Certiorari, writ of
Significance: The Court determines which cases it will hear and thus what legal issues it will review through the issuance of writs of certiorari.
The U.S. Constitution and Congress determine the Supreme Court's jurisdiction to review cases. Article III of the Constitution and various congressional statutes grant the Court two main areas of jurisdiction: original and appellate. To relieve the Court of its rapidly growing caseload burden, Congress established the federal circuit court of appeals with the Judiciary Act of 1891. The act also authorized the Court to review final decisions in certain categories of cases through the issuance of writs of certiorari. Although the Constitution does not expressly grant the Court certiorari jurisdiction in the state courts, the Court may grant certiorari for those state court decisions that implicate federal law. Statutes limit certiorari jurisdiction to federal questions that have been decided in final judgments of the states’ highest courts. The Court may review final judgments or decrees of the states’ highest court if the validity of a treaty or statute of the United States is questioned. It may also review a state court decision if a state statute is viewed as violating the Constitution, treaties, or laws of the United States. The Court may not review a case involving federal law if the state court's decision can be upheld purely on state law. The Court reviews the majority of its cases through appellate jurisdiction. Within its appellate jurisdiction, the power to grant or deny certiorari gives the Court discretion in determining which cases it will review. The passage of the Judiciary Act of 1925 greatly expanded the Court's certiorari jurisdiction in an effort to reduce its overwhelming docket of cases. The act also enhanced the Court's status and power by largely allowing it to set its own agenda. Since the act's passage, the number of certiorari petitions greatly expanded, and by the 1970's, writs of certiorari were responsible for 90 percent of the Court's caseload. The Court reviews petitions for writs of certiorari solely at its discretion. If the Court grants certiorari, it agrees to review the judgments in question in that case. It will generally simply issue its decision to either grant or deny certiorari without giving any explanations for the decision. Certiorari is essential to the Court's functioning because of the high number of cases brought to it each year. In the late twentieth century, the Court granted full review to about 160, or 6 percent, of the nearly 5,000 cases submitted through petitions for writs of certiorari each year. If the Court decides not to hear a particular case by denying the petition for a writ of certiorari, there are almost no other avenues that the petitioner can pursue to have the lower court's judgment reviewed. The Court grants writs of certiorari only for compelling reasons. It pays special attention to resolving conflicts among the federal courts of appeals, the federal district courts, and the state courts on important legal principles or issues of law.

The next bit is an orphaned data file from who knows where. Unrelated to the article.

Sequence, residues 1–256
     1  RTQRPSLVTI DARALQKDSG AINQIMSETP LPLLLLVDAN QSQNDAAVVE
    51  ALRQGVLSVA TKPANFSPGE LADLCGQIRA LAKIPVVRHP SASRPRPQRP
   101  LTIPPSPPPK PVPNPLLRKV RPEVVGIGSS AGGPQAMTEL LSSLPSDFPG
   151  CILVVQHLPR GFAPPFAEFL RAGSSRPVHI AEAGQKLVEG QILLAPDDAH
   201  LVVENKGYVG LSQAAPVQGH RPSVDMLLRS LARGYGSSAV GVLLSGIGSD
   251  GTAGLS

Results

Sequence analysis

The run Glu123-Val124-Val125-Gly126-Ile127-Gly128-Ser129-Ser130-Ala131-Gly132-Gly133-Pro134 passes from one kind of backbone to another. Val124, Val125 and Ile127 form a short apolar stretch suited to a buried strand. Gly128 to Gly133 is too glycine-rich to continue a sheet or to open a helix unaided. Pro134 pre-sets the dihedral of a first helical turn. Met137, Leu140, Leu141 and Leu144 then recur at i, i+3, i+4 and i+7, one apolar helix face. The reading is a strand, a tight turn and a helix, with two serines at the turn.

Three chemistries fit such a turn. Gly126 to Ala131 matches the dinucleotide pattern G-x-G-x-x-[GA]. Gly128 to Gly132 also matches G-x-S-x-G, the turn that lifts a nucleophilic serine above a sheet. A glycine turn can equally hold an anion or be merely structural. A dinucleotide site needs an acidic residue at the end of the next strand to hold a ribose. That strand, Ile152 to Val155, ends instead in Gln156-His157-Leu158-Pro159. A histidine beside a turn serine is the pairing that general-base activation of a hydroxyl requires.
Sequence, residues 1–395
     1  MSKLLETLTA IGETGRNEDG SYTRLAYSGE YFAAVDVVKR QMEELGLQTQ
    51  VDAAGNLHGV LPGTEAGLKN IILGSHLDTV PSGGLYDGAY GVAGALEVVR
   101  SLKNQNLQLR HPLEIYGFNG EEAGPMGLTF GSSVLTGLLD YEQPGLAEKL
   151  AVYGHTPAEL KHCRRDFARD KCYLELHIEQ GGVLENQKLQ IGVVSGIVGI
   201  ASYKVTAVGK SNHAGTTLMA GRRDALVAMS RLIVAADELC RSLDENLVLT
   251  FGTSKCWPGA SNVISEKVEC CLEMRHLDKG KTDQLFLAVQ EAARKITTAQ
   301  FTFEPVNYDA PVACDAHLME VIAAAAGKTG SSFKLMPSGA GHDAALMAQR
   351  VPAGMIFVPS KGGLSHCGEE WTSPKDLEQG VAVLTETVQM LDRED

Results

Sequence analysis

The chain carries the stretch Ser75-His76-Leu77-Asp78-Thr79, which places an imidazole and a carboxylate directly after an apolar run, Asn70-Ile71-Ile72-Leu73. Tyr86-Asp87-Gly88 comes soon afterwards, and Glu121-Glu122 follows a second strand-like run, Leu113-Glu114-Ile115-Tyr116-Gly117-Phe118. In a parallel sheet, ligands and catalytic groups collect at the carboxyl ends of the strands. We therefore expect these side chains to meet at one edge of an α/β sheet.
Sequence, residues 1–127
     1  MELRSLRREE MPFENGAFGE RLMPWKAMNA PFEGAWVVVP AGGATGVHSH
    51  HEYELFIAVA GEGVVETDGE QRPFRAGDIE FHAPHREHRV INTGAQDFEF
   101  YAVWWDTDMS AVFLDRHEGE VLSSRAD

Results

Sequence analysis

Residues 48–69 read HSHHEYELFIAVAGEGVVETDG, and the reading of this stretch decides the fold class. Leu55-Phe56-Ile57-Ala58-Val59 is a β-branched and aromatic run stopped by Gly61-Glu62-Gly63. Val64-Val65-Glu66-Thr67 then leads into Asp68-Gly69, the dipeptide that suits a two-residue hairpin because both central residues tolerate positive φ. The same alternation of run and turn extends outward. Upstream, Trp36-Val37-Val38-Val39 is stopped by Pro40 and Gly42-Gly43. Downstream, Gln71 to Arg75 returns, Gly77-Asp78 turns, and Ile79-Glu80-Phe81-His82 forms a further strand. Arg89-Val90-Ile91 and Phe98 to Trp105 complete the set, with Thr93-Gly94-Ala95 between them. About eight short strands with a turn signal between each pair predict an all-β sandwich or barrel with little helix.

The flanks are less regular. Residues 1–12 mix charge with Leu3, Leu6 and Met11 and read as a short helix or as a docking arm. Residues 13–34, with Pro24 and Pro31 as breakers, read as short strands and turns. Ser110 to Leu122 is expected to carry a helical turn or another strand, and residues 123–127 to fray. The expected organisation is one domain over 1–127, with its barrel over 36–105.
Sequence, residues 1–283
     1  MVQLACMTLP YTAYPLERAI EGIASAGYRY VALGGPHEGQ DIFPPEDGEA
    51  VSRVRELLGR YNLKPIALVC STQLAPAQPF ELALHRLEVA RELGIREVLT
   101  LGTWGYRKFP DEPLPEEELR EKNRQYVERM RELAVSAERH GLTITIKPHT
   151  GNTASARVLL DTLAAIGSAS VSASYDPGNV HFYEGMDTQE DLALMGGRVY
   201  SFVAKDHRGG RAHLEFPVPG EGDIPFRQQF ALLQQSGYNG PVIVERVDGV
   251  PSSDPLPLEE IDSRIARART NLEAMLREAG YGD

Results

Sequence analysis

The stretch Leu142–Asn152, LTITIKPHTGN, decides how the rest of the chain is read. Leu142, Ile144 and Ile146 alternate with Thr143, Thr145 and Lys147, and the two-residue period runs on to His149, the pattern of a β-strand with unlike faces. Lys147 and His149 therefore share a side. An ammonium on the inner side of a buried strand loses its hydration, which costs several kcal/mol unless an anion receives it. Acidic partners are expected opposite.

A party to any civil or criminal case in which a judgment was entered by a state court of last resort or a U.S. court of appeals may petition for a writ of certiorari requesting the Supreme Court to review the lower court's judgment. A party may also petition the Court for a writ of certiorari in a case in which a judgment was entered by a lower state court if the state court of last resort has issued an order denying its discretionary review. Parties involved in the same judgment may file a petition jointly or separately. The person petitioning the Court for a writ of certiorari is known as the “petitioner” and the opposing party as the “respondent.” The petition must be accurate, brief, and clear in its presentation of the information necessary for the Court to review the case. The petition contains the questions the petitioner wishes the Court to review, when and how these questions were raised, and the names of the parties involved in the proceeding of the court that rendered the judgment in question. It also includes citations of the courts’ and administrative agencies’ opinions and orders issued in the case, the basis for the Court's jurisdiction, and the constitutional provisions, treaties, statutes, ordinances, and regulations involved in the case. All this information is necessary for the justices to review the petition and make a sound judgment on whether the Court should review the case.